In the view of the Commission, ten years after the integration of the Schengen acquis into the EU time has come to make a next step towards a more harmonised common visa policy. Efforts should be made to fully comply with the Treaty by creating a real common visa policy. For this reason, this proposal aims at limiting the freedom of Member States to grant visa waiver or to impose a visa requirement to various categories of persons covered by Article 4(1) of Regulation (EC) No 539/2001 by establishing further common rules on the visa requirement for some of these categories. However, the proposal also takes into account the current, considerable differences between the practices of Member States in case of certain categories (such as diplomatic and service passport holders) by maintaining the possibility for Member States to continue for the time being to decide individually on the visa exemption or on the visa requirement except in cases where the EU would negotiate visa waiver agreements for these categories with certain third countries.

2.5.1. Further harmonisation

The Commission endeavours further progress towards full harmonisation with regard to the categories of Article 4(1), for which a de facto harmonisation or quasi harmonisation already exists.

In accordance with the present notifications provided by Member States, civilian air crew members are exempted from the visa requirement by all Member States. In such circumstances, maintaining the possibility for Member States to decide freely on the exemption of such category is no longer justified.

As regards civilian sea crew , all Member States but two exempt such persons from the visa requirement in case of shore leave , while all Member States but two maintain the visa requirement for transit purposes. This amendment will therefore set out the general, harmonised visa exemption for the first category and visa requirement for the second one respectively.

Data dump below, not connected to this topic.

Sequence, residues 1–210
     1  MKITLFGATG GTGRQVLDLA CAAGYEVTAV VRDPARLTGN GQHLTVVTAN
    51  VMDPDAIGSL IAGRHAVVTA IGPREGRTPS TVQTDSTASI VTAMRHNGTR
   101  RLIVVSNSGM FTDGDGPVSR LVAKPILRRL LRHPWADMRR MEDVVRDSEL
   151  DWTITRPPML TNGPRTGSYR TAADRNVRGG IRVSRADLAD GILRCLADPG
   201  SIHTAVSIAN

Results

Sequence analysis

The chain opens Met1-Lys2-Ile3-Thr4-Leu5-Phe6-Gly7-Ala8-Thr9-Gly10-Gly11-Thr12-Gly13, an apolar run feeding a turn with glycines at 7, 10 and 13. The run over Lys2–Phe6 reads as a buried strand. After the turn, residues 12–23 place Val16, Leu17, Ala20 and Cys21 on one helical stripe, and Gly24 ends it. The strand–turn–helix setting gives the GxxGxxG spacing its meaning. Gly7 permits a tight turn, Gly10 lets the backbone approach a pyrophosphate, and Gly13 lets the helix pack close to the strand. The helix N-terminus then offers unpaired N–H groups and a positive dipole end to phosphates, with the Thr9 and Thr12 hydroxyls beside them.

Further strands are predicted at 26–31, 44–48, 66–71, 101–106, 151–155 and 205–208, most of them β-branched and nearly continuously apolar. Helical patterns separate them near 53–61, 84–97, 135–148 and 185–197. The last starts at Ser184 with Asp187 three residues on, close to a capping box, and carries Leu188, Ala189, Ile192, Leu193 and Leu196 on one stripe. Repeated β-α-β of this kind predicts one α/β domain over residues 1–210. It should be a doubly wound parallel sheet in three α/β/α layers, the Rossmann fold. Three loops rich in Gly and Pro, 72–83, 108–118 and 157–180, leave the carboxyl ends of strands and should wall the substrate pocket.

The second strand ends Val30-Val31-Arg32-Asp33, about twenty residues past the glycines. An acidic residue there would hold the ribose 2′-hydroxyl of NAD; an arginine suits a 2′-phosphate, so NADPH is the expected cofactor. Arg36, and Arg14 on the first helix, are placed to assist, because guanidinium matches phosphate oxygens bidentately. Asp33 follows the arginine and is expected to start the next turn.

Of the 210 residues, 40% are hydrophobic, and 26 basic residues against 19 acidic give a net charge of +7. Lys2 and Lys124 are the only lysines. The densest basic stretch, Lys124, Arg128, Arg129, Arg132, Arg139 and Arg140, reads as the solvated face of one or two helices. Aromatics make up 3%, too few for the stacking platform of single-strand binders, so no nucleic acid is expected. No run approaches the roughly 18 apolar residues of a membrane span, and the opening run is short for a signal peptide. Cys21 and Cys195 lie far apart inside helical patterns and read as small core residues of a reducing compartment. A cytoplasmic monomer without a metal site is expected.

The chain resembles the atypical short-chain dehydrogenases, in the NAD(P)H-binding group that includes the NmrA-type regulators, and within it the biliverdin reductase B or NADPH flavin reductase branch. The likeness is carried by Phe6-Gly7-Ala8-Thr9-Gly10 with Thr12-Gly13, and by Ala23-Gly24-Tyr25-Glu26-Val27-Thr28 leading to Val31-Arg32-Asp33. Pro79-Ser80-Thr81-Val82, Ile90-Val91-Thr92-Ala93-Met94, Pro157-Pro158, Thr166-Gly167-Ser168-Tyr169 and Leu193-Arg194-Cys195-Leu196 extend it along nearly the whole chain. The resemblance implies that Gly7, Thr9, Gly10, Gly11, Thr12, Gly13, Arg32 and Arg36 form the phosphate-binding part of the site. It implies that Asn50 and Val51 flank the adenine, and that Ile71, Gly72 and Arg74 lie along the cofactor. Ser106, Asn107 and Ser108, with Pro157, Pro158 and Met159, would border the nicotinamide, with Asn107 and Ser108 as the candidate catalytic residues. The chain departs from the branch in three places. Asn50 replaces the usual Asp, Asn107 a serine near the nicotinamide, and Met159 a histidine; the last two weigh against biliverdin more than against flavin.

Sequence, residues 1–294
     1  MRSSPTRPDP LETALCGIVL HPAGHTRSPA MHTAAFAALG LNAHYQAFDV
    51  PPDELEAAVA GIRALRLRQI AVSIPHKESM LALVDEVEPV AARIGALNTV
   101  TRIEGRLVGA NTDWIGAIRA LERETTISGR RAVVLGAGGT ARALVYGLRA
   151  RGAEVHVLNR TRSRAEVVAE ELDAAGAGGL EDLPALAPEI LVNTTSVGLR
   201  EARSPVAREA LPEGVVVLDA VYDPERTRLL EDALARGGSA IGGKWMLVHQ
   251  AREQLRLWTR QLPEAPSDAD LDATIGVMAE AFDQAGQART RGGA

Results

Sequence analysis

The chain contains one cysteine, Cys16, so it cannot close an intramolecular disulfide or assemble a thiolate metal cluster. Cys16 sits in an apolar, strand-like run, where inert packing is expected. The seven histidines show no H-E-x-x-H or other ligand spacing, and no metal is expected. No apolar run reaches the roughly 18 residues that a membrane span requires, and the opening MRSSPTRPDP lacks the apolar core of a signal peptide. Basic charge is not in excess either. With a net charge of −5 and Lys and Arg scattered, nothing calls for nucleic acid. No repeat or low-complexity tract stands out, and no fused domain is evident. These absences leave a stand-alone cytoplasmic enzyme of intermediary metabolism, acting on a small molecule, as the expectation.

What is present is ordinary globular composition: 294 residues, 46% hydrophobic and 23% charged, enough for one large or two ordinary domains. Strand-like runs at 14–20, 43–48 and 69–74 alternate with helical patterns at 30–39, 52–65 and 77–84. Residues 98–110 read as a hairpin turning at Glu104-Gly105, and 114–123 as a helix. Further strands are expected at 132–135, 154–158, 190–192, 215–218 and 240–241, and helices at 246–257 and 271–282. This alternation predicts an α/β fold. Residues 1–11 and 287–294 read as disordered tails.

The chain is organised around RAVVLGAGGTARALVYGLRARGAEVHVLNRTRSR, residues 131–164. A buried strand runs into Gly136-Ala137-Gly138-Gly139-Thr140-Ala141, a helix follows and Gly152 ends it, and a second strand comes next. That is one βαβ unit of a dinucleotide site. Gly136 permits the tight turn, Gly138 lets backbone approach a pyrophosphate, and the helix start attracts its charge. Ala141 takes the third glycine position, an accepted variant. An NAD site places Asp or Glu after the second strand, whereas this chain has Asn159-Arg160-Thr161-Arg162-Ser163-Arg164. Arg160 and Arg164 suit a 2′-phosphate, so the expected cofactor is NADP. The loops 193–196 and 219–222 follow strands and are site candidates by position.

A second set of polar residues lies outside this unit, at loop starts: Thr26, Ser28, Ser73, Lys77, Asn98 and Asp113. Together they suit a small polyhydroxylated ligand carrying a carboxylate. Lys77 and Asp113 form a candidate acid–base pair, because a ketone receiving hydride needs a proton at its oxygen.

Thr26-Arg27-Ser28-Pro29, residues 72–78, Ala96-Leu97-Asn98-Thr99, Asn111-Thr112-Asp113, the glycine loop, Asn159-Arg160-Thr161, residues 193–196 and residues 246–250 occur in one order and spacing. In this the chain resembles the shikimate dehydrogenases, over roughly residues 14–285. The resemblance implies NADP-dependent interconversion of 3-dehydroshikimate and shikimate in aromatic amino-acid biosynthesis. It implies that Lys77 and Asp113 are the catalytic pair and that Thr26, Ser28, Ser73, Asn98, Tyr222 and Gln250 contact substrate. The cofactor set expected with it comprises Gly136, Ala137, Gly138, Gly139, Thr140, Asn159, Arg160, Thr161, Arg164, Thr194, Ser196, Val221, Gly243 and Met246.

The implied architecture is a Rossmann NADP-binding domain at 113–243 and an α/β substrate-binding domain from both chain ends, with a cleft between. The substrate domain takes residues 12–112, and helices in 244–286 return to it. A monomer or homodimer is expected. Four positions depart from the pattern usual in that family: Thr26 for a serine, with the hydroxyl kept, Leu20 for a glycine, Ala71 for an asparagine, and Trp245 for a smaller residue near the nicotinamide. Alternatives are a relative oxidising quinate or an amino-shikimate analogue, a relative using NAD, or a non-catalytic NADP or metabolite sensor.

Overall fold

There is only one Member State exempting flight crew and attendants on emergency or rescue flights and other helpers in case of a disaster or accident from the visa requirement, therefore this Regulation would abolish this category.

2.5 .2. Maintaining the rules

For the category of civilian crew of ships navigating in international inland waterways the current provisions would be maintained as from Member States' notifications it can be seen that Member States having the Rhine or the Danube flowing across their territories follow divergent practices with regard to the exemption or visa requirement applicable to this category. Furthermore, there is legislative work going on in the CCNR (Rhine Committee) on this issue, which should also be taken into account.

The current possibility for Member States to decide on the exemption of holders of laissez-passer issued by some intergovernmental organisations would not be affected by this modification either.

2.5.3. New provision – In respect of obligations flowing from prior EU agreements

Prior to the establishment of the EU common visa policy, the European Union and its Member States have concluded international agreements, like association agreements, with third countries dealing i.a. with the movement of persons and services, which might have an impact on the visa requirement imposed on nationals of third countries. Such international agreements concluded by the Union take primacy over provisions of secondary EU legislation, including Regulation (EC) No 539/2001. In case such international agreements contain a so-called 'standstill clause', it might entail the obligation for certain Member States to derogate from the rules of the common visa policy in accordance with their respective legislations and practices applicable/in force on the date the standstill clause entered into force for them.